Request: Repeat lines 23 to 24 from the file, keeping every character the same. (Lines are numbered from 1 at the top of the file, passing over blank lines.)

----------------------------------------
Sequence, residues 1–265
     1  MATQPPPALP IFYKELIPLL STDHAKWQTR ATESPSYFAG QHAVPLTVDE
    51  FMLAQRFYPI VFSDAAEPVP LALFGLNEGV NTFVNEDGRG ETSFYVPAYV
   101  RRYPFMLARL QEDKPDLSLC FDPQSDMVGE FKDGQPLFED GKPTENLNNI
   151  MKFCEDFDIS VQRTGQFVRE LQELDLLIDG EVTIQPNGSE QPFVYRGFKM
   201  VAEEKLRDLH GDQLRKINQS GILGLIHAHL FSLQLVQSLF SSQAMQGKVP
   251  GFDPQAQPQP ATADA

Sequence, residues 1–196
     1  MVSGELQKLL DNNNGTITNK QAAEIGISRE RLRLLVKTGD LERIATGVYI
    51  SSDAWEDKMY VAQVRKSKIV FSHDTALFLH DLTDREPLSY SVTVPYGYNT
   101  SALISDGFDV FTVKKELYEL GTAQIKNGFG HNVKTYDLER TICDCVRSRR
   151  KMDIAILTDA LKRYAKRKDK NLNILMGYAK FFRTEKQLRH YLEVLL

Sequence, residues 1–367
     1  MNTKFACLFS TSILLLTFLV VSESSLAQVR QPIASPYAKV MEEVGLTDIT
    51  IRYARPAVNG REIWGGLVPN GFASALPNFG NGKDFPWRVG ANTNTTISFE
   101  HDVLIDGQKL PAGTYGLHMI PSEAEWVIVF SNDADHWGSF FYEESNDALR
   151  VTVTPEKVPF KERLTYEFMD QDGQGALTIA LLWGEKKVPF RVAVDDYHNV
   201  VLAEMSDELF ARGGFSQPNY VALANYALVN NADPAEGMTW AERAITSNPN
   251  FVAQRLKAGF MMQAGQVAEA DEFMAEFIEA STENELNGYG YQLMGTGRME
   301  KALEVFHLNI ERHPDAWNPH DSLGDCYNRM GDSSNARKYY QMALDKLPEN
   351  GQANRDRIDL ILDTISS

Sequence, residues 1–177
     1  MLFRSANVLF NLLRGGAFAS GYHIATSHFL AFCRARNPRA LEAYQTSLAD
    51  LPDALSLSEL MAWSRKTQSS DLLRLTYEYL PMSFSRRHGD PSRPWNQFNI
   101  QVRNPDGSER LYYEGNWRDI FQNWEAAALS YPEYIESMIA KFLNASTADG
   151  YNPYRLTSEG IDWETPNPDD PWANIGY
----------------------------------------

     1  MLFRSANVLF NLLRGGAFAS GYHIATSHFL AFCRARNPRA LEAYQTSLAD
    51  LPDALSLSEL MAWSRKTQSS DLLRLTYEYL PMSFSRRHGD PSRPWNQFNI